By Dr. Chris Tonozzi, MD, Director of Data Quality
The U.S. Preventive Services Task Force recently released a recommendation related to providing counseling for mothers at risk for depression developing in the prenatal period, or while they have an infant. The recommendation provides a great goal, and an example of why a clinic system based on family medicine providers integrated with behavioral health providers is such a great solution for a community.
The task force is the publicly funded, preeminent organization in the United States which makes evidence-based recommendations on medical services. Evidence-based medicine, or EBM, is one of the true advances in modern medicine. Previously we based recommendations on what “made sense.” This was often simply what we had been using, or what we were taught to use. There have been great strides made in evaluating the interventions we use and using only the ones that have evidence of studies to support them.
The task force looked at the data from medical studies related to preventing depression in pregnant and postpartum women. The task force found that referring these women at risk for depression—rather than just those who have depression—for counseling can help prevent a significant amount of depression. The task force gave this intervention a grade B, which reflects strong evidence (although some interventions have stronger evidence) and recommends we provide this service.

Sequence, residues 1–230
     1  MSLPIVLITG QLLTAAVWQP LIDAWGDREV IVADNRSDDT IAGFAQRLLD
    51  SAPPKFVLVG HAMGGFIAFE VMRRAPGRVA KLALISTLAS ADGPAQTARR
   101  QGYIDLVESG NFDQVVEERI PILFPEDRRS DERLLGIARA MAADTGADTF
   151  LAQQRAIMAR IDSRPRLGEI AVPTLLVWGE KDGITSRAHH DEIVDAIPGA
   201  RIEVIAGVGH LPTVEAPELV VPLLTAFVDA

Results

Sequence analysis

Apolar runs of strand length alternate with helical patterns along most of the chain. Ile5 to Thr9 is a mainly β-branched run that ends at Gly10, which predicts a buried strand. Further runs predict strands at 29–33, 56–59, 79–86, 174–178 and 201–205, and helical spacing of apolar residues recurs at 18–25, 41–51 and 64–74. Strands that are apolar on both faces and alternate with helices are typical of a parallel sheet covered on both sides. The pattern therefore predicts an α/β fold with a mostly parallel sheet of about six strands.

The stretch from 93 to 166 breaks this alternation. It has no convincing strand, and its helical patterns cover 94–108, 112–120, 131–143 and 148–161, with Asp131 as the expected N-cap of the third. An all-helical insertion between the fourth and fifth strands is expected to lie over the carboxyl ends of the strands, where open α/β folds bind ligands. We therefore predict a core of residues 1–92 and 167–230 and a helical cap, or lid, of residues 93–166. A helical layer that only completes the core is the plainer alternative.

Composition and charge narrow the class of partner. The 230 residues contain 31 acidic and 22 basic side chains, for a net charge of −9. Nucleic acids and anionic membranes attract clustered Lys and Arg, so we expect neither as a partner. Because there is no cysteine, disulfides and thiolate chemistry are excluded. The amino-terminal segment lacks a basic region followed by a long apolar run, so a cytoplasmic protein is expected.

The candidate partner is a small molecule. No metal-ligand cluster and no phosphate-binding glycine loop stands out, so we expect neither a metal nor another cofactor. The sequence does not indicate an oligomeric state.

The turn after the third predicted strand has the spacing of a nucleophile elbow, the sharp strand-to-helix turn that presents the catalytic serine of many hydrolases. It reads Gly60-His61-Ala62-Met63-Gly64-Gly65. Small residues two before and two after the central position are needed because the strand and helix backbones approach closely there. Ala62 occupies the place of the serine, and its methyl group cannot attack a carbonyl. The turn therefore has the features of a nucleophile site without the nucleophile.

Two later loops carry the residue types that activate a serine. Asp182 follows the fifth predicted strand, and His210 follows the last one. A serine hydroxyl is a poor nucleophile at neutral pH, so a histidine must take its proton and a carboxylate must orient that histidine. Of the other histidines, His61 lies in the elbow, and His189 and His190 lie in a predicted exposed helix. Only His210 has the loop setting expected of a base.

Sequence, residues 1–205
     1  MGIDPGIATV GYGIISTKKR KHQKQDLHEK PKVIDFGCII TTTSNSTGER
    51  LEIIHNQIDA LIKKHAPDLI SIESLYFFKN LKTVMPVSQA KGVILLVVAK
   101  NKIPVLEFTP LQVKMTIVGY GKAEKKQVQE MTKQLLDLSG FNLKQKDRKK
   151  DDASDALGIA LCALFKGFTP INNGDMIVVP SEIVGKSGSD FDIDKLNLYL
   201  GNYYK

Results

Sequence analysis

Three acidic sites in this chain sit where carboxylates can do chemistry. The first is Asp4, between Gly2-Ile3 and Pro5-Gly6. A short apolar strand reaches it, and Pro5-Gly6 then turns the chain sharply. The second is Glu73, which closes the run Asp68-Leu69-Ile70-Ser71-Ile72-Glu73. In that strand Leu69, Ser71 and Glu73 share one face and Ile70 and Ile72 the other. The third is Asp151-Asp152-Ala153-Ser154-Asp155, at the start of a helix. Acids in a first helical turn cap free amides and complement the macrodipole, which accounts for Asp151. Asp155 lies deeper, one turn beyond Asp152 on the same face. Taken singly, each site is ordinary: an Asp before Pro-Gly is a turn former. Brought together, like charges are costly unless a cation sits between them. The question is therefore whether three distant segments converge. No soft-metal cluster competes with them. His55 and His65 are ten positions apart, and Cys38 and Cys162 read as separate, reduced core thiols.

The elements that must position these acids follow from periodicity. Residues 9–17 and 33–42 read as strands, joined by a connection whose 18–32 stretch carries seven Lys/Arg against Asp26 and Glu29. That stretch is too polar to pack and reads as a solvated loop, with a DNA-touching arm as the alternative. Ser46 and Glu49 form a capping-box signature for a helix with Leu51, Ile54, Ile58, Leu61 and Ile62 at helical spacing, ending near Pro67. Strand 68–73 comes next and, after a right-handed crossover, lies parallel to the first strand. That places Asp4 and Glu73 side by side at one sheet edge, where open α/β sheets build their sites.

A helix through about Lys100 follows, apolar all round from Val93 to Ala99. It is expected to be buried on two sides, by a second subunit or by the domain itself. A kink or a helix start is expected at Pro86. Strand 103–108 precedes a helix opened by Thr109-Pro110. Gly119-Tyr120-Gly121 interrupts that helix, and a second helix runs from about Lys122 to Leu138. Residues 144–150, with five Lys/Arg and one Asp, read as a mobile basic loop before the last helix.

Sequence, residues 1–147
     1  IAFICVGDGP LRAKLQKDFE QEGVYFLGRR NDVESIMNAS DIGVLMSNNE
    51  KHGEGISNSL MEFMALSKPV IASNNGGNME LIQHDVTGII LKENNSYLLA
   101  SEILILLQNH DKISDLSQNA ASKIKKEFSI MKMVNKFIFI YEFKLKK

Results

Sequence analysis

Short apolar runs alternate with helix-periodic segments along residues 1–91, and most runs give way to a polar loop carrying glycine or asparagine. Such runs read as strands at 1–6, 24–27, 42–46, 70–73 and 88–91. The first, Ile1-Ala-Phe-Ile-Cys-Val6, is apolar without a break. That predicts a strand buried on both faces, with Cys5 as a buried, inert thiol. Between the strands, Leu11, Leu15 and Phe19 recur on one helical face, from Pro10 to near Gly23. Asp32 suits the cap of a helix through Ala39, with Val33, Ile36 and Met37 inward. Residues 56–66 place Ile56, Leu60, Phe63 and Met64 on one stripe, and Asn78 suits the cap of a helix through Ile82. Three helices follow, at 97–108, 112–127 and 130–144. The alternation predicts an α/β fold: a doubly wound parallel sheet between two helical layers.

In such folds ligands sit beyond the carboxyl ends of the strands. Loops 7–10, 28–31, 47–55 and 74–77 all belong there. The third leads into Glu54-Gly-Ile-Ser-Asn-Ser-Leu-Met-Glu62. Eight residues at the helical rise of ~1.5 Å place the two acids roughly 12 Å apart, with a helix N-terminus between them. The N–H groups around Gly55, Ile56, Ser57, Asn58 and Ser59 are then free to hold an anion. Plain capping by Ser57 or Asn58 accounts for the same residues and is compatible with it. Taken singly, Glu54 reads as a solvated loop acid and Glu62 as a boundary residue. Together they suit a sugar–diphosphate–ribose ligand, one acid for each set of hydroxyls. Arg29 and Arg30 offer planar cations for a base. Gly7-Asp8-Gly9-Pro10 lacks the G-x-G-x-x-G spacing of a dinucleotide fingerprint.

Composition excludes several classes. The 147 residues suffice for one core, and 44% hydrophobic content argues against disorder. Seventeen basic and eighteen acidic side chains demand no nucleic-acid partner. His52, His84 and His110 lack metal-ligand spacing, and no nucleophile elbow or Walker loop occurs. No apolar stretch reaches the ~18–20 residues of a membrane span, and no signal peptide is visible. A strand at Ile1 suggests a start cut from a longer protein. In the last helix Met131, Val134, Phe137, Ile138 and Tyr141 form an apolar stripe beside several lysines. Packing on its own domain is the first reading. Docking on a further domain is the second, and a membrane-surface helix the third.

The task force recommends we offer counseling to women during or after pregnancy who have one of the following risk factors:
- History of depression
- Current depressive symptoms, but not at the threshold for diagnosing depression (those diagnosed with depression are recommended for treatment)
- Low income
- Single parenthood
- Recent intimate partner violence
- Recent significant negative life events
The guideline recommends women who have one of these risk factors receive cognitive behavioral therapy or interpersonal therapy.
Mountain Family Health Centers provides prenatal care at our Edwards health center, and all our locations care for several hundred newborn babies each year. When we start care for these newborns, it is part of our routine practice to screen for depression. Now we need to start screening for the other risk factors above and have enough behavioral health appointments available to encourage counseling for patients if they have these risk factors.
It is encouraging that Mountain Family has family providers who can care for mom and infant, not to mention fathers, siblings, aunts, uncles and grandparents! With these dedicated providers working alongside behavioral health providers who can offer cognitive behavioral or interpersonal therapy. We also have a good working relationship with those who provide prenatal care in the community, so that we can be sure women already in treatment for depression can continue receiving treatment.